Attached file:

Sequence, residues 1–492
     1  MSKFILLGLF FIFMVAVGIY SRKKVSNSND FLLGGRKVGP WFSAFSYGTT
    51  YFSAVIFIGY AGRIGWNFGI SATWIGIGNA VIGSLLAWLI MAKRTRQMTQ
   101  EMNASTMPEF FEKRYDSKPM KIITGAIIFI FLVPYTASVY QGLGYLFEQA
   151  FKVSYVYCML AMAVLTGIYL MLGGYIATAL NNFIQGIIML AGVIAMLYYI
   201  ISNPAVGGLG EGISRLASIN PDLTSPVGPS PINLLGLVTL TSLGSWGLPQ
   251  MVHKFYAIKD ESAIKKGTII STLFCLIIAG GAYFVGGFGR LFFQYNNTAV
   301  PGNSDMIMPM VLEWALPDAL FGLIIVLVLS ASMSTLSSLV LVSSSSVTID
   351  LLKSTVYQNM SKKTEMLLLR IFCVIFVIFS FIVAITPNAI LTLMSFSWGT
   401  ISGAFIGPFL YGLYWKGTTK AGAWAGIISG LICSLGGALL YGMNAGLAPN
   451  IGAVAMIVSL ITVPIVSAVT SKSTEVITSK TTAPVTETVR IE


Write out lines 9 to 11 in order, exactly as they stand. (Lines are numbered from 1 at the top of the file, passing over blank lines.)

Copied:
   351  LLKSTVYQNM SKKTEMLLLR IFCVIFVIFS FIVAITPNAI LTLMSFSWGT
   401  ISGAFIGPFL YGLYWKGTTK AGAWAGIISG LICSLGGALL YGMNAGLAPN
   451  IGAVAMIVSL ITVPIVSAVT SKSTEVITSK TTAPVTETVR IE